Thursday, April 26, 2012

Texas: Plan-Based Audit for Opioids

The state of Texas (Texas Department of Insurance, Division of Workers' Compensation) is currently accepting public comment on its proposed plan-based audit for pain management services in workers' compensation.  Since our comments will be made public anyway, I thought I'd throw them out here on the blog:

To: Donald Patrick, M.D., J.D., Medical Advisor
Date: Thursday, April 26, 2012

As a utilization management company focused on the application of the Official Disability Guidelines to prescription drug utilization in the State of Texas, we appreciate the opportunity to provide input and suggestions on the development of the new Plan-Based Audit for health care providers prescribing opioids.  We applaud the state of Texas for its efforts thus far in the area of narcotics control in workers' compensation and hope that this new Plan-Based Audit will further limit the inappropriate use of prescription narcotics.

Regarding Section III: Scope and Methodology - We understand the budgetary limitations associated with any undertaking such as this.  That said, we're concerned that a focus on early prescribing of an opioid (within 10 days of the date of injury and >30 days supply) is too narrow to capture the broad nature of the problem.  Often, injured workers only end up on grossly inappropriate drug regimens well after the initial injury, perhaps even years later.  Dose escalations, tolerance, dependence, and addiction develop months and years down the road.  While a focus on early prescribing behavior will alleviate a portion of the problem, our view is that the most intractable cases would not be identified with the criteria as currently proposed.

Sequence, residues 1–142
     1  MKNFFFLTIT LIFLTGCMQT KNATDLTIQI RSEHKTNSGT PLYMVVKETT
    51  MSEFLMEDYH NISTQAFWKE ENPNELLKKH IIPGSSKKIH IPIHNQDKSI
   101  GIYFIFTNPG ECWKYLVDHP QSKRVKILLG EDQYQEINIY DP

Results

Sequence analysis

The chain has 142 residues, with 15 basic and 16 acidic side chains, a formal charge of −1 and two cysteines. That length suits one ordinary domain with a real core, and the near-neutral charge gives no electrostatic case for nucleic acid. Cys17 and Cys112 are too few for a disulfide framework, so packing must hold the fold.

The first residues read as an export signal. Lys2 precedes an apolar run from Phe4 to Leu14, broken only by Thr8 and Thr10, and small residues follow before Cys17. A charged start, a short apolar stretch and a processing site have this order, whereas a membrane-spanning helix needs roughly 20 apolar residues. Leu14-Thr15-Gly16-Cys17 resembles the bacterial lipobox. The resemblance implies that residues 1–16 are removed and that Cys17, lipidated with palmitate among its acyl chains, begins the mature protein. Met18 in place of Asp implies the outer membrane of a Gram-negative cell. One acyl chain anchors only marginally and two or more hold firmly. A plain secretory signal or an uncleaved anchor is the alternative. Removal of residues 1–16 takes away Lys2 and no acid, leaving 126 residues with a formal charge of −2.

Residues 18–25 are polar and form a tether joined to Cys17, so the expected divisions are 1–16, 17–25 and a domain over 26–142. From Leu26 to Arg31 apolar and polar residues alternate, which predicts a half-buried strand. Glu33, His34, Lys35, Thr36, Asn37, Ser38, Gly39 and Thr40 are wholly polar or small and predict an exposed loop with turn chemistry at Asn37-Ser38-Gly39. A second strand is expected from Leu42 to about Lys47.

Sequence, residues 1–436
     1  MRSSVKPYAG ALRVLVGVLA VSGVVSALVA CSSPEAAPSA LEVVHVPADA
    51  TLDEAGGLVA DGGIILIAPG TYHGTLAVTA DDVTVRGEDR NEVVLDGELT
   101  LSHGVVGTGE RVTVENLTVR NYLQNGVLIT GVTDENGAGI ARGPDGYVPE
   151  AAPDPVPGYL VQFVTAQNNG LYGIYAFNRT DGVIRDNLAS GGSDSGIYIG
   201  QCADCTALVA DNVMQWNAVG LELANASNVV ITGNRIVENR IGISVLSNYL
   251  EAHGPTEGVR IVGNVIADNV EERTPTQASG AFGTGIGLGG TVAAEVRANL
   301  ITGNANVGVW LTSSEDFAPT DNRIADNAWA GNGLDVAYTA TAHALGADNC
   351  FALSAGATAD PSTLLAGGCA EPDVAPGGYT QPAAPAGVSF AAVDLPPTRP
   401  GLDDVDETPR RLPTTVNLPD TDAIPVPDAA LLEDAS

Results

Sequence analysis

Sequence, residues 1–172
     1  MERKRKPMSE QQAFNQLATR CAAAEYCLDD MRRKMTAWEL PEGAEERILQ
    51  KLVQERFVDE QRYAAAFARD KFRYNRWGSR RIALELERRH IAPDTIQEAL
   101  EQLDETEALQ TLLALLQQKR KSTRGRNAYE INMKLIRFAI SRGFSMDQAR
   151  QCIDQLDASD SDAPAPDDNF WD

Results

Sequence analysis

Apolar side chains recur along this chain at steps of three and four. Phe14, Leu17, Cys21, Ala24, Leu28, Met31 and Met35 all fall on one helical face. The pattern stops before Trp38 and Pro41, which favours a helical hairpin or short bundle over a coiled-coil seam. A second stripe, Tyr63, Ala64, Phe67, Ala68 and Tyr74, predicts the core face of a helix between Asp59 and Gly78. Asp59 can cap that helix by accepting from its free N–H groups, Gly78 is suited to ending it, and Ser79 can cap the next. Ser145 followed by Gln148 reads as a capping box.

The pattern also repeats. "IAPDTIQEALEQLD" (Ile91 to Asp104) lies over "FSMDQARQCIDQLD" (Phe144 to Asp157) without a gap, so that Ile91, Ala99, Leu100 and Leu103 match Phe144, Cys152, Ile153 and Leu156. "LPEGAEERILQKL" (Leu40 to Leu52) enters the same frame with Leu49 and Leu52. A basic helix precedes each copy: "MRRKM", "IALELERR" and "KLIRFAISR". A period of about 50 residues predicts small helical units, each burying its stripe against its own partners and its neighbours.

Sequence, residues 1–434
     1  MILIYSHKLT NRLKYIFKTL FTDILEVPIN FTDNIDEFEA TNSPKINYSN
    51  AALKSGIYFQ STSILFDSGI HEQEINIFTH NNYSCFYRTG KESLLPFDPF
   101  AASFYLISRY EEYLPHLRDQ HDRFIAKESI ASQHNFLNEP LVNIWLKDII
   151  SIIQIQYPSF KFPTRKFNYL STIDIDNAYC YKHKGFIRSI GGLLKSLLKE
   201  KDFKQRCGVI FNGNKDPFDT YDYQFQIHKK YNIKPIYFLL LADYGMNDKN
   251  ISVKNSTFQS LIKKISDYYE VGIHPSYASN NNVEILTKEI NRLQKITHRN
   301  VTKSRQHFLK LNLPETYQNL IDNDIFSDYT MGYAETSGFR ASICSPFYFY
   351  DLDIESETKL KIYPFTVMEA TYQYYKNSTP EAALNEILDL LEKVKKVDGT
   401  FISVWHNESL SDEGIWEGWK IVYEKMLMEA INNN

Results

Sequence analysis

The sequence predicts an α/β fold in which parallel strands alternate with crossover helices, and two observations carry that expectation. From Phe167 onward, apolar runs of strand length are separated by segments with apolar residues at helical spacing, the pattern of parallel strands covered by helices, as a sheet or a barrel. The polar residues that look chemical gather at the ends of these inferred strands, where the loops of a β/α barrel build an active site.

We suggest the Plan-Based Audit consider focusing on a measures much more likely to capture the most prevalent (and expensive) issue in the system - long term use of high dose narcotics.  We suggest the following:
- Health care providers who have prescribed opioids to injured employees where the morphine equivalent dosage (MED) exceeds 120 mg per day. 

Regarding Section IV: Selection Criteria - Again, we acknowledge budgetary constraints as a real issue in deploying a program such as the Plan-Based Audit.  However, selecting a mere 15 physicians may not be sufficient to change or influence overall system behavior.  The stated purposed of the Plan-Based Audit is to "focus attention on the issue of opioid utilization in the Texas workers' compensation system."  We fear that the relatively small scope of the current proposed plan will fail to garner sufficient attention to guide future clinical decision-making. 

Regarding Section V - Roles and Responsibilities - We suggest the following questions for the Medical Advisor's consideration as he develops guidance for the MQRP experts (these questions would be in addition to the already stated objecting of ensuring "that health care providers adhere to the Official Disability Guidelines and medically accepted standards of care for prescribing pain management services including opioids"):
1) Has the patient signed an opioid treatment agreement or narcotics contract?
2) Does the provider have the patient undergo regular urine drug monitoring?
3) Did the provider consult a prescription drug monitoring database prior to writing the prescription?
4) Has an opioid risk assessment been completed to evaluate likelihood of abuse issues?
5) What are the specific treatment goals for this patient in terms of functional improvement?

These questions represent several "best practices" in prescription drug utilization management and we believe these questions provide a potential road map for evaluating the treatment patterns of selected physicians. 

We appreciate of the opportunity to provide input and suggestions. 

Michael Gavin
Chief Marketing Officer

On Twitter @PRIUM1

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